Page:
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Views: 670, Date:25/Jan/2017


Usain Bolt stripped of Olympic gold after teammate fails drug test


The athlete is no longer a 'triple triple' Olympic champion after a relay teammate from the 2008 Games was found guilty of doping.

18:35, UK, Wednesday 25 January 2017

Michael Frater (l), Usain Bolt, Nesta Carter and Asafa Powell (r) receive their relay gold medals at Beijing

Image Caption: Michael Frater (l), Usain Bolt, Nesta Carter and Asafa Powell (r) receive their relay gold medals at Beijing

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Usain Bolt has been stripped of his relay gold medal from the 2008 Olympics following the doping case of teammate Nesta Carter.

It means the Jamaican sprinter, who won a historic total of nine golds at three Games, is no longer a 'triple triple' Olympic champion.

The decision came after Carter was found to have tested positive for banned substance methylhexaneamine, following a re-analysis of a sample.

The athlete, along with Bolt, Michael Frater and Asafa Powell, made up the quartet which won the 4x100m in Beijing in 2008.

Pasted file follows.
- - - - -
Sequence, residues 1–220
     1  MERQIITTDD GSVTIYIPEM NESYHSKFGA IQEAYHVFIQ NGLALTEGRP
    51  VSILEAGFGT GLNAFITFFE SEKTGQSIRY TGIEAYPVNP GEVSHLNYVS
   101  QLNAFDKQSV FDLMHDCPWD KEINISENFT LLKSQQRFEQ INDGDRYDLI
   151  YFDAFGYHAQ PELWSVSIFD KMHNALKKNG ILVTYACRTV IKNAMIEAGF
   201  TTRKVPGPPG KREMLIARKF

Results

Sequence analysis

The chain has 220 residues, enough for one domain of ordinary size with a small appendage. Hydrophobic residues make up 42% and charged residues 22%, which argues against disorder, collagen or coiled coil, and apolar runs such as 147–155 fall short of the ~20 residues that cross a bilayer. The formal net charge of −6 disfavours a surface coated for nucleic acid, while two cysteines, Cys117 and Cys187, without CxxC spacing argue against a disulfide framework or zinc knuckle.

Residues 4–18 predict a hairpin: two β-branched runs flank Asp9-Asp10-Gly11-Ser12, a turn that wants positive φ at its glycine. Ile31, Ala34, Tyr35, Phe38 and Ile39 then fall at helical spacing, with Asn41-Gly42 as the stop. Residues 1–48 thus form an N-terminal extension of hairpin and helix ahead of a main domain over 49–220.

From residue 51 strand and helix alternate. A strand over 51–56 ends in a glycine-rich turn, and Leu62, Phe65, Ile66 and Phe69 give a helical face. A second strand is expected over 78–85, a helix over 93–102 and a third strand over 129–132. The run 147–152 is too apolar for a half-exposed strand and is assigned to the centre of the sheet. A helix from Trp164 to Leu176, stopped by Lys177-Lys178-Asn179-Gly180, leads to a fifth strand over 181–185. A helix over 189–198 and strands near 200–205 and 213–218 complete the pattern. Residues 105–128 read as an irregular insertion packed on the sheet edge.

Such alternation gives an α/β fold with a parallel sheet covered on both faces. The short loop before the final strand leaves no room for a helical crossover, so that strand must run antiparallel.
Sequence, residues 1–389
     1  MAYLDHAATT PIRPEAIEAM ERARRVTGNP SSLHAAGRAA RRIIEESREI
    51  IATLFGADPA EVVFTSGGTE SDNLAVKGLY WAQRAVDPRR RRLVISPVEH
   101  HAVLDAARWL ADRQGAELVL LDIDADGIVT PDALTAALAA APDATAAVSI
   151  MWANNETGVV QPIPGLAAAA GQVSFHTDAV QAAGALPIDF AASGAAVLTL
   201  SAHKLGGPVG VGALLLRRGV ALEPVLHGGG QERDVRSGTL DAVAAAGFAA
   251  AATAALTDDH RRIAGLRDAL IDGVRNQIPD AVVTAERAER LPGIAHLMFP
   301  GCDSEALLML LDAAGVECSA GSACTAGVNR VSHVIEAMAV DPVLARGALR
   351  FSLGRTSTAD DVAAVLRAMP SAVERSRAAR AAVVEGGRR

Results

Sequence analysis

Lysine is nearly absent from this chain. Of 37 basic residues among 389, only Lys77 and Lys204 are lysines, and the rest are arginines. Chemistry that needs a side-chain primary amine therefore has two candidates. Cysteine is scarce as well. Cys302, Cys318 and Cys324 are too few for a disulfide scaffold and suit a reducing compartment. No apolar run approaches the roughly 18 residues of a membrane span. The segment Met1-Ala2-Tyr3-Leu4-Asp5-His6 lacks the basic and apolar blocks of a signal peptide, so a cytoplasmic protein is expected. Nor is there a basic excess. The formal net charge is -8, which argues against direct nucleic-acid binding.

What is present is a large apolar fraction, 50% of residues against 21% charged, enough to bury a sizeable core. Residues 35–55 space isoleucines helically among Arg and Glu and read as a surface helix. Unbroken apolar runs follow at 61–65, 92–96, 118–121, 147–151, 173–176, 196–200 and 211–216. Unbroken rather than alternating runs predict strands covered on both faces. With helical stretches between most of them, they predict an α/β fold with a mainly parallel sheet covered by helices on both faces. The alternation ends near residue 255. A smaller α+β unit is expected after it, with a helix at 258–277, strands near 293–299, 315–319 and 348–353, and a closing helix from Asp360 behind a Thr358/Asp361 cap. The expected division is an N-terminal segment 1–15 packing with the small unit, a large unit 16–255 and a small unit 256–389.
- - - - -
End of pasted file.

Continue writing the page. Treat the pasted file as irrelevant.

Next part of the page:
Carter's was one of 454 selected doping samples re-tested by the International Olympic Committee (IOC) last year.

The relay title in Beijing completed the first of Bolt's three gold medal sweeps in the 100m, 200m and relay at three consecutive Olympics.

Usain Bolt

Image Caption: Bolt with his nine golds from three Olympics

Trinidad and Tobago is in line to get the gold medal from 2008, Japan could be upgraded to silver, and fourth-place finisher Brazil could get the bronze.

Methylhexaneamine is an energy-boosting ingredient in many dietary supplements and several Jamaican athletes have failed tests for it before, including five sprinters in 2009.

According to the IOC ruling, Carter noted he was taking supplements in 2008 "advised in this respect by his coach, Mr Stephen Francis".

The verdict added: "The athlete explained that he had given several samples for doping controls whilst he was taking Cell Tech and Nitro Tech before the 2008 Olympic Games and he had never tested positive for a prohibited substance.

"He therefore did not believe that these supplements could contain prohibited substances. He did not understand how methylhexaneamine could have been found in 2016."

Carter can appeal the decision to the Court of Arbitration for Sport.

source:sky sports






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